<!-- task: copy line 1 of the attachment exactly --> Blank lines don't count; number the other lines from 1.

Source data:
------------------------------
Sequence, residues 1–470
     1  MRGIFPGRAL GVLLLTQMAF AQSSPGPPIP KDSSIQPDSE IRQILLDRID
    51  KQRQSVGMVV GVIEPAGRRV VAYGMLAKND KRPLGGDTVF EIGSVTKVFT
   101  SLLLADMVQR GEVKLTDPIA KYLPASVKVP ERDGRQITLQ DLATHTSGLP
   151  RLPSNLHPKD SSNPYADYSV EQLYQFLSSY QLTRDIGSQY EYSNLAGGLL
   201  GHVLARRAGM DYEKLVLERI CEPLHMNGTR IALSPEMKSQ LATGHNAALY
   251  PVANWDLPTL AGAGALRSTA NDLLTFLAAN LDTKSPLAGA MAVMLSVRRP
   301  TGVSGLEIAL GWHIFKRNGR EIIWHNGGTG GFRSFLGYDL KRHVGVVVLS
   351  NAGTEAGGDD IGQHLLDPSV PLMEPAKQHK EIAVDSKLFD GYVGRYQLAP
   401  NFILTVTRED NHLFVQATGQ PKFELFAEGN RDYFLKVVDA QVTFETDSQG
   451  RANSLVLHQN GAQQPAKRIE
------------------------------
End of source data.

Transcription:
Sequence, residues 1–470